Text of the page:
Sunday, May 19, 2013

Increasing the use of solar energy in Cheshire (1 of 3)

The State of Connecticut has major electricity difficulties in our future.  It's true that CT produces (~33million MWh) more electricity than we consume (~30million MWh) annually, but peaking issues complicate the matter.  In other words, we consume a lot more energy on July afternoons than we consume at 3am in mid-May.

Peaking issues lead to our current transmission need for importing electricity from other places, such as Quebec's hydro power, via the Northern Pass that cuts south through New Hampshire and Massachusetts.  Obviously, this leads to environmental concerns.  But the transmission issues are not the only delivery problem we face.

We have delivery service problems with both transmission and distribution.  While transmission services bring electricity across great distances at high voltage, distribution services bring low voltage electricity from the "step down" transformers to your house.  And it's with the power lines on your street that we face another problem:  old infrastructure.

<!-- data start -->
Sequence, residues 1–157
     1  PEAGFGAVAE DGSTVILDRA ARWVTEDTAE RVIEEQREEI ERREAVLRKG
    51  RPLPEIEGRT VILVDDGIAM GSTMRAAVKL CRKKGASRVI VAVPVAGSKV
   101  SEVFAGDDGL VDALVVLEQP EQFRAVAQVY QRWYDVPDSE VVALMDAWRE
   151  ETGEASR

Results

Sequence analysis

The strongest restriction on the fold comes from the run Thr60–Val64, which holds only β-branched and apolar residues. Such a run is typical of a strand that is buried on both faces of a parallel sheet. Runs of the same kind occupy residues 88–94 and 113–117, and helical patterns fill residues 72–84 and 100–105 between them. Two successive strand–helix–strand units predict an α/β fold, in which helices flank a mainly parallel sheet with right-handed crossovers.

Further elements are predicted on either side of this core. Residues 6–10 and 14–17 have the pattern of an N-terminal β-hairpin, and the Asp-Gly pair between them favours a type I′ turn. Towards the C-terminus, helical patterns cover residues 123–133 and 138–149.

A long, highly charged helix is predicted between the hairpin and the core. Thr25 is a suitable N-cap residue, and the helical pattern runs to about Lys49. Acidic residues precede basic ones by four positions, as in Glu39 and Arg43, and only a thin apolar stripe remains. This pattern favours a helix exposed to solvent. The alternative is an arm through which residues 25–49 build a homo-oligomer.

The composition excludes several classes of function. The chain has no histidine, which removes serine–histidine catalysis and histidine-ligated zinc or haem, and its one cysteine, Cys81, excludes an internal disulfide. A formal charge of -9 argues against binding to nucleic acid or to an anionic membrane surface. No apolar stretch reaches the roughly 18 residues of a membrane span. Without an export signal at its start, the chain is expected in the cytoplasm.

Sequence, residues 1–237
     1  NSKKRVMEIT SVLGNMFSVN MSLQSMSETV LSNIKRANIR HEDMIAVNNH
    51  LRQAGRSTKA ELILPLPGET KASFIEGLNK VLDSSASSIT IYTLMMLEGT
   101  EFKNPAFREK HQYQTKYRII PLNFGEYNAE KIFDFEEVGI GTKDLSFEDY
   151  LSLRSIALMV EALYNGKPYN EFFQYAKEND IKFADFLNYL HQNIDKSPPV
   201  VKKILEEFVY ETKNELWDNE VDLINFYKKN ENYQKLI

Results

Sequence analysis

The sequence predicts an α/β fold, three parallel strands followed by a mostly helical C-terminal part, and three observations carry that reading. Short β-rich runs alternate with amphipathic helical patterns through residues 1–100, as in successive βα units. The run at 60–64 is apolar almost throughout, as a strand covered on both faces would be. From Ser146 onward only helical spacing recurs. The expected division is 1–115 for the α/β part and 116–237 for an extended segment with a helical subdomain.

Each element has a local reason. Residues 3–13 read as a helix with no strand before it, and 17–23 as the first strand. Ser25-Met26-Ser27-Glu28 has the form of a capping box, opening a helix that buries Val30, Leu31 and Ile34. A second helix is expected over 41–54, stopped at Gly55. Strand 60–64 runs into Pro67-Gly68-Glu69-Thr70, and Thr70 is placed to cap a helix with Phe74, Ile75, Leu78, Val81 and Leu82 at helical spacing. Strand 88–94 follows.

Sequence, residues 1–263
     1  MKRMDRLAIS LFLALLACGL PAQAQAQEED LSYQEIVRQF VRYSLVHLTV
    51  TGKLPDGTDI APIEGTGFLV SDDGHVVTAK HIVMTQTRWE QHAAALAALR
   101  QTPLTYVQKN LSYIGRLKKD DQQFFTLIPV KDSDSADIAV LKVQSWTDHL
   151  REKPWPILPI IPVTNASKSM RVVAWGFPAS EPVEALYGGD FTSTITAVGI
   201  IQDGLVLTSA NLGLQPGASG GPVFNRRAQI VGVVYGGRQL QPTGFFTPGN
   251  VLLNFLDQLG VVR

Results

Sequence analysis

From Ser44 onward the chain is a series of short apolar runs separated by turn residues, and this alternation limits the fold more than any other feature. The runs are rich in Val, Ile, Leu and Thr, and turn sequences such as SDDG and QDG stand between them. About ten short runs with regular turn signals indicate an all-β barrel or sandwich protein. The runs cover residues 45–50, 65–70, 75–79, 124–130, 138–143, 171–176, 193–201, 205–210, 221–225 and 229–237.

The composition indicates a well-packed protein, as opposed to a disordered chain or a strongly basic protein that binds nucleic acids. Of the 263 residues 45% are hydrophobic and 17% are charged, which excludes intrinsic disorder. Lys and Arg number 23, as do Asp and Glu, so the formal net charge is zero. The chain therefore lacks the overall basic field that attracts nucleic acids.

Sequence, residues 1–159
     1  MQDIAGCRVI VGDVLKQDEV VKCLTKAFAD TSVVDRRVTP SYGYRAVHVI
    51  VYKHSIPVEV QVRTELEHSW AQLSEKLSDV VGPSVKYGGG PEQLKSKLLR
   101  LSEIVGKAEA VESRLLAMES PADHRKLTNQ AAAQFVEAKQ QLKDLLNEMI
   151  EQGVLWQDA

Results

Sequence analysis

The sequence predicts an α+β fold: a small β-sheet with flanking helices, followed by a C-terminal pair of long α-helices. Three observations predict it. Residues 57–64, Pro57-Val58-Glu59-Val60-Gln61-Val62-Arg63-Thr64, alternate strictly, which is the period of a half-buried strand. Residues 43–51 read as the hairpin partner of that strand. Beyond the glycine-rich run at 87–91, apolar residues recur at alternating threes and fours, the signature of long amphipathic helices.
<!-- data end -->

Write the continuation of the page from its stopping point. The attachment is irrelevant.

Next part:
So our electricity problems face both transmission and distribution issues, along with other issues, such as the emissions from fossil fuels plants.  One way to address these issues is to generate electricity in CT.

Solar photovoltaic arrays (PV) are one way to do this.  Although current PV technology is not a panacea, it would mitigate the problems we face in the Constitution State.  That's why we're trying to take action in Cheshire.

The idea started with the state program Solarize CT.  I'll explain that in an upcoming post, but I need to sign off for the night.

Tim White